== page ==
“There are so many things to love about what we do. At an early age the basic elements of the visual arts intrigued me: quality of line, composition, proportion, form. A visit to Rome as a teenager and an encounter with the Pietá left an indelible mark on my subconscious—an ideal model of what it means to pursue something beautiful. In college, the concept of Gestalt instantly resonated. It still does. Putting pencil to paper never gets old and in all likelihood never will. A couple of years ago I was in jeopardy of moving on from design altogether due to the injury. Now fully recovered, I’m more aware than ever of how fortunate I am to be making work on a daily basis.”
“I’m sure a lot of people have seen the Ira Glass clip in which he discusses taste in relation to quality of work. It makes perfect sense and should probably be mandatory viewing for aspiring art students. Like any respectable young designer I am constantly looking for ways to improve and am wary of complacency. I’ve concentrated much of my energy on form which means there is ample room for growth in a number of other areas. I enjoy learning about other, non-design related topics and allow it to inform the work when appropriate. I’ve long felt that a single person can only successfully master one craft/discipline. There are a handful of noteworthy exceptions, but it’s a theory I subscribe to.”
Growing up in Louisville, Kentucky, probably the earliest evidence of an interest in lettering is a handwriting evaluation by my first grade teacher, Mrs. Janes—Writing is nice without curls and decorations.
Throughout high school, I was almost exclusively invested in painting, drawing and the fine arts. I dreamt of becoming an architect as a child, but once exposed to the monotony of model making quickly changed direction. A three month internship with designer Daniel Simon the summer before my freshman year in college soon blossomed into a full-fledged apprenticeship. (Dan is a master craftsman with an instinct for refinement of the highest degree.) This summer immersion left me with a considerable amount of practical knowledge, and when I enrolled at Indiana University in the fall I was an archetypal over-zealous-year-one-design-student. My professors have since forgiven me (I hope).
Things got complicated as I approached my thesis semester in the fall of 2007. Due to an unrestricted schedule and an obsession with detail, I developed a debilitating case of Carpal Tunnel Syndrome heading into the spring semester of my senior year. I was forced off of the computer—faced with a difficult task of graduation without the crutch of technology. This prompted the hand-drawn (Process), which visually documents 700+ hours with a Bic mechanical pencil over the course of 90 days. After its completion I was utterly wrecked. The piece enjoyed success and generated interest, but on a number of corresponding visits to New York I had to find ways to conceal my condition from would-be employers and art directors. It took nearly three years, including six months of overuse rehabilitation in a small Pennsylvania clinic, to get back to form. Meanwhile I was still drawing a lot, possible because I am (thankfully) left-handed.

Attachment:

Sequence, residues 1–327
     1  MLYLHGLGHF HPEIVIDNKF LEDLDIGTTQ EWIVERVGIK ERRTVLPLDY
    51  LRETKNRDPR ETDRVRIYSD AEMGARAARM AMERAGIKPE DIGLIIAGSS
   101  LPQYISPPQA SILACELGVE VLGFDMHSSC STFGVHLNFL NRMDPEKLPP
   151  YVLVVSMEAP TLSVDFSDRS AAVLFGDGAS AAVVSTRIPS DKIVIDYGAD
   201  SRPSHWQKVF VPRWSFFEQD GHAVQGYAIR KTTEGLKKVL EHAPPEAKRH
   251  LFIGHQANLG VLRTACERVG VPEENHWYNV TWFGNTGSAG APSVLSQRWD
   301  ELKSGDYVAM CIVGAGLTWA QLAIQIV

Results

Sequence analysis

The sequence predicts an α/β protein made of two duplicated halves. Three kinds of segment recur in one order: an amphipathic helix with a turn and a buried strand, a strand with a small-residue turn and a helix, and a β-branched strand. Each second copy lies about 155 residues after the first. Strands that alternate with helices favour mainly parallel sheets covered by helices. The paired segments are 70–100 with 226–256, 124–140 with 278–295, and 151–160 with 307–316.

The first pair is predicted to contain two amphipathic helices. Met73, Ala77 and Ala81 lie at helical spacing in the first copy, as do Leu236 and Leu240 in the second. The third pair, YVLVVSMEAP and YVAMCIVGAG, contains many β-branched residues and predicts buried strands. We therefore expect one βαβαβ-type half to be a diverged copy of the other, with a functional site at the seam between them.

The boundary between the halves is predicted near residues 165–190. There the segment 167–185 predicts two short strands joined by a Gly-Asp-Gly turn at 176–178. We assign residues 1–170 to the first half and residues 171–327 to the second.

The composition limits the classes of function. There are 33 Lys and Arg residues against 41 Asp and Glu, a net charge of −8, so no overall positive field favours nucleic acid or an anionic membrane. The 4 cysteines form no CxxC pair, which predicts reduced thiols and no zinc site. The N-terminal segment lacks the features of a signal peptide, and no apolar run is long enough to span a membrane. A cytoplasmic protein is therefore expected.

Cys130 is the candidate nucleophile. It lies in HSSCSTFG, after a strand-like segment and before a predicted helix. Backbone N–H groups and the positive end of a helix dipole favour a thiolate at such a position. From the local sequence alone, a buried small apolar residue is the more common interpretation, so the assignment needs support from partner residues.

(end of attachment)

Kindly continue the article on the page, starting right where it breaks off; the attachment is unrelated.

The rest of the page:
So, the focus on manually crafted lettering and illustration was largely necessitated by a formal education and an injury that just about preemptively foiled my career. I had been freelancing in Brooklyn for six months when Louise Fili hired me in December of 2009.
It’s amazing how something devastating such as an injury turned into a springboard for your career. Did your injury spark you to invest so much time and effort into creating “Process” and was the finished piece a deciding factor in Louise Fili’s decision to hire you?
A thesis, it seems to me, is something like a sabbatical. It’s a chance to exercise what we have discovered in a public forum. Before the injury, my initial ideas were of the same scale and ambition, but I’m unsure of what would have resulted had things been different. In reality I was so completely shaken from the injury, just trying to cope, that everything came out naturally in the form of an allegorical and organized plurality which defines the piece. It’s not merely about the impact of technology in the modern world, it’s equally personal. What is progress? What will actually make us happy? These themes are staples of (Process). Also, the time-intensive lettering aspect was an intentional one. In the past two or three years we’ve experienced a renaissance in lettering which I think is great. Unfortunately, the increasing pervasiveness of social media and emphasis on sharing within design does have its consequences, some of which have resulted in a certain degree of stylistic repetition.
Definitely, my thesis helped get a foot in the door at Louise Fili Ltd. However it was not the deciding factor. Matteo Bologna (Mucca Design) was in attendance at the 2008 Adobe Design Achievement Awards in New York when he saw (Process). I will never forget that when it was announced the winner of its category, he and his colleague, the Brazilian illustrator Roberto de Viq de Cumptich stood up and cheered—”Bravissimo!” I had never met them before. Shortly thereafter, Louise was seeking a designer and at Matteo’s recommendation I obtained an interview. I have a great deal of respect for Matteo’s work and business acumen. He’s a good friend.
Prior to the interview I had considered graduate school. Upon meeting Louise and touring the studio, it was apparent to me that there was infinitely more to learn under her direction and in that setting than at any school I would have chosen. Once I began working at the studio, we quickly developed a rapport which effectively allowed me to freely explore under her guidance. The origins of Louise’s work come from an authentic desire to create things of lasting beauty which she frequently achieves because of her personal grace and uniquely feminine sensibilities. These qualities have had an important and immediate impact on my work thus far.